Carl Icahn Lets Lionsgate Takeover Bid Expire
"We recognize that it is now virtually impossible for us to prevail in the proxy contest due to the dilutive transaction in question," he says, referring to the New York Supreme Court denying a debt-for-equity transaction.
TORONTO – Carl Icahn on Monday all but raised the white flag in his proxy battle with Lionsgate, at least for now.
Having failed with a legal challenge to stop Lionsgate shareholder Mark Rachesky from voting his stake at Tuesday’s annual shareholders meeting, Icahn let his $7.50 per-share takeover bid for the mini-studio expire.
The expected move follows the Supreme Court of the state of New York on Thursday denying a bid by the Icahn Group to unwind a July 20 debt-for-equity transaction involving Rachesky that threatened to sink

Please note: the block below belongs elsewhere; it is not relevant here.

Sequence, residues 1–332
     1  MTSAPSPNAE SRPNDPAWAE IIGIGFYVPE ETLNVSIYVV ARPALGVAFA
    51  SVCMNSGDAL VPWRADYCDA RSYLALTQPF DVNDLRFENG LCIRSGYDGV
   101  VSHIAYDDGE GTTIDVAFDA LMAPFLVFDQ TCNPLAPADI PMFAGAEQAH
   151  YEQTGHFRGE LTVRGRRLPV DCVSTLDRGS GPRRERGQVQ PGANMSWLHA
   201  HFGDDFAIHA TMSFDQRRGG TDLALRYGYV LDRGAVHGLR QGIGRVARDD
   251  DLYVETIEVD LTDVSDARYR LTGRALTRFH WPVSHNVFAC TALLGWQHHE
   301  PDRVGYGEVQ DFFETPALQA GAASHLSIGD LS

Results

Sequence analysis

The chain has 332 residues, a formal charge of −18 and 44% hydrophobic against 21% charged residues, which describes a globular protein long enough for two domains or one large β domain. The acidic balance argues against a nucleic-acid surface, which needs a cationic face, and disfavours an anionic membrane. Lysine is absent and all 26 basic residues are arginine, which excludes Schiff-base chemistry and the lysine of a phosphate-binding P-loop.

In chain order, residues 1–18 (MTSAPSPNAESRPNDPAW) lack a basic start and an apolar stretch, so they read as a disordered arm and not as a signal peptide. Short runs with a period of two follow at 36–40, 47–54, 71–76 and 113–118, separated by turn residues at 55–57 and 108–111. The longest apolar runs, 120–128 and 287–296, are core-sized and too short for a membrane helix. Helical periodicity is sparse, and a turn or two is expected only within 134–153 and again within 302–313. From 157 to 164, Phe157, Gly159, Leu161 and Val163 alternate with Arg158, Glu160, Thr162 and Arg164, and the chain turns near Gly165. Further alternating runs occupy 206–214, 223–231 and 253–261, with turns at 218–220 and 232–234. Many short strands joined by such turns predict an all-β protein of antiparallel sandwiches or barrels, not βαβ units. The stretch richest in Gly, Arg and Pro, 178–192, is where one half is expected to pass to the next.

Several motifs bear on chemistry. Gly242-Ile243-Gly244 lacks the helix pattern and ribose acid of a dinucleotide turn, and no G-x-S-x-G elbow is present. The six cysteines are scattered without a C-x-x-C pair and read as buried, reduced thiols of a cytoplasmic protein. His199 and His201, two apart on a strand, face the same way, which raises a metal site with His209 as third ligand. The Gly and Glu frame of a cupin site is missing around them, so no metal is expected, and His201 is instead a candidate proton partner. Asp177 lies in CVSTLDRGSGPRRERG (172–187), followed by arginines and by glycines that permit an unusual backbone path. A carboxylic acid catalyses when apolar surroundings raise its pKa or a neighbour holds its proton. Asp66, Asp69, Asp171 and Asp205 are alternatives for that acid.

Icahn’s proxy fight at Lionsgate’s December 14 annual general meeting.
“We recognize that it is now virtually impossible for us to prevail in the proxy contest due to the dilutive transaction in question,” Icahn added in a statement.
The activist shareholder did advise shareholders to “voice their dissatisfaction by voting for our slate of nominees on the gold proxy card.”
Icahn’s latest unsolicited bid for Lionsgate stock was conditioned on the New York court giving him a preliminary injunction to prevent the stock issued to Rachesky on July 20 from being voted Tuesday at the AGM in Los Angeles.
“This condition was not met,” Icahn said, with the result he will not purchase any Lionsgate shares that were tendered in the offer.
And all Lionsgate common shares that were previously tendered and not withdrawn will now be returned to their holders, the billionaire investor added.
“We will continue to monitor the situation at Lionsgate and will aggressively take all actions necessary to protect our investment, and we reserve all of our rights with respect to Lionsgate and its securities,” Icahn, who has a 33% stake in the mini-studio, insisted.